Charlton's Blog

Adding SATA to the PS2 Network Adapter

Old dog, new disks

Published: Jun 4, 2022
Category: Hardware Hacking, Projects

One of my favorite pastimes involves modifying computing hardware, whether it’s just to keep things running or to unlock functionality that was never planned to be there.

I recently decided to upgrade my “fat” PS2 with disk storage. To date, I’ve used the network adapter to load backups from a local network share via OPL. Performance is acceptable with this method (and much better than USB 1.0 ports on the console’s front), but proper disk-based storage offers the best throughput and standalone operation.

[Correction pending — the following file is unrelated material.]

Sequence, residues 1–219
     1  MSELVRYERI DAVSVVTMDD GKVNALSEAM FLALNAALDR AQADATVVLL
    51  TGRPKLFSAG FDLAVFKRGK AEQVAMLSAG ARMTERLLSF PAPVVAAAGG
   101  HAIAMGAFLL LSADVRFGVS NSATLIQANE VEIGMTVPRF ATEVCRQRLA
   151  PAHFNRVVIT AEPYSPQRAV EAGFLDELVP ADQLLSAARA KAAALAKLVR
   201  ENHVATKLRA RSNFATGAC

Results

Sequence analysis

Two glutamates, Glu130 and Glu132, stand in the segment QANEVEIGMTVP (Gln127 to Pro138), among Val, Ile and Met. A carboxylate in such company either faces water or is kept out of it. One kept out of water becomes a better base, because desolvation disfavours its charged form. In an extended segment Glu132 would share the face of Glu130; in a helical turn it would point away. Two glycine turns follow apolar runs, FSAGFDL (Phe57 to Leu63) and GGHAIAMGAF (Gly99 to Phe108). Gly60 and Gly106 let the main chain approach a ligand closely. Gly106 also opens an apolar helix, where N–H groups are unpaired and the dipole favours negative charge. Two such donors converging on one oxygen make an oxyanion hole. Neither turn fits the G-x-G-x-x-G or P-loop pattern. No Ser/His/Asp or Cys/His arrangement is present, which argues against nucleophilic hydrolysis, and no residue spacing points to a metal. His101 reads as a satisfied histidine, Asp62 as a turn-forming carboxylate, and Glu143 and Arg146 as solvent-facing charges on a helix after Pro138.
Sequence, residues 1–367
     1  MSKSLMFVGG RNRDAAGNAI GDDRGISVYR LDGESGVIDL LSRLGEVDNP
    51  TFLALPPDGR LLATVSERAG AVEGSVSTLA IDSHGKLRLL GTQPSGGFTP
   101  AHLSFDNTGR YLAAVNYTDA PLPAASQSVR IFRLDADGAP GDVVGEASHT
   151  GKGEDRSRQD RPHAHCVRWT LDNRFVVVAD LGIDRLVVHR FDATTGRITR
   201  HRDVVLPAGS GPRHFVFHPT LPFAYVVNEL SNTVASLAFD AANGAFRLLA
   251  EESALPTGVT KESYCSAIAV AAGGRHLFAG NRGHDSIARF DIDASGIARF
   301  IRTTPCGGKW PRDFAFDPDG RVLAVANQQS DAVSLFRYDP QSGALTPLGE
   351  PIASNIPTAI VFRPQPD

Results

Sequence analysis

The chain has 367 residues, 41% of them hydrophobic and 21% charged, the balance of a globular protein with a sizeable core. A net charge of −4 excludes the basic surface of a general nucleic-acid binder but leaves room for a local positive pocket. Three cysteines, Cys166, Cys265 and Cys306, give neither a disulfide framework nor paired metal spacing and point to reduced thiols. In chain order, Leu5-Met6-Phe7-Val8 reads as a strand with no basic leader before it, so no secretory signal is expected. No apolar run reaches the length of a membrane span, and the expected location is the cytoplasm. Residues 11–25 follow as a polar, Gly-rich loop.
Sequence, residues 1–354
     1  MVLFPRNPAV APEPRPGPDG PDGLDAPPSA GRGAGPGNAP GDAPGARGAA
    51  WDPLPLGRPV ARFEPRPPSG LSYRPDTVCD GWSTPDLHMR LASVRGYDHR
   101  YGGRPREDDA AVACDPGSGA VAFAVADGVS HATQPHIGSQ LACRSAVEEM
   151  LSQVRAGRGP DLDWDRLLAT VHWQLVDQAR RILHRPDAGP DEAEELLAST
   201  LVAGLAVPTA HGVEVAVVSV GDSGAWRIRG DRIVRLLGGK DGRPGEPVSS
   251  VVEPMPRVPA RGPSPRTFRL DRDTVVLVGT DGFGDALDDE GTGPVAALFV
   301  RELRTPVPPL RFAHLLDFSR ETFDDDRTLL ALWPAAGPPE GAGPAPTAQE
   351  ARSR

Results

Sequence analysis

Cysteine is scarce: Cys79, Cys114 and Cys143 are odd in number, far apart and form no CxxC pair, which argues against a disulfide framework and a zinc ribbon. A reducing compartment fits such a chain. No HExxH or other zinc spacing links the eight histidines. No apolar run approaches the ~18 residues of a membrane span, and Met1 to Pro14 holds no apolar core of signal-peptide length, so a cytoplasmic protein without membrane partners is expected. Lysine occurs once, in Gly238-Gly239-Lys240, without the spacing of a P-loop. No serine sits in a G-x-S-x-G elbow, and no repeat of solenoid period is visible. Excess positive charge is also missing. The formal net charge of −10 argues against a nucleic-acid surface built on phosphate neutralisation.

There’s one major problem, though: IDE drives are old, and I certainly haven’t kept any around. These disks are space constrained, difficult to come by, and more likely to fail due to their age. Since I already owned the network adapter, I set about finding an upgrade path that would let me connect a more modern hard disk.

You can purchase third-party SATA adapters for the PS2. However, these lack networking functionality, a feature I was adamant to retain. This led me to an aftermarket upgrade kit which can be installed within the original Sony adapter itself, providing a SATA interface while leaving the integrated networking functions intact.

Installing The Upgrade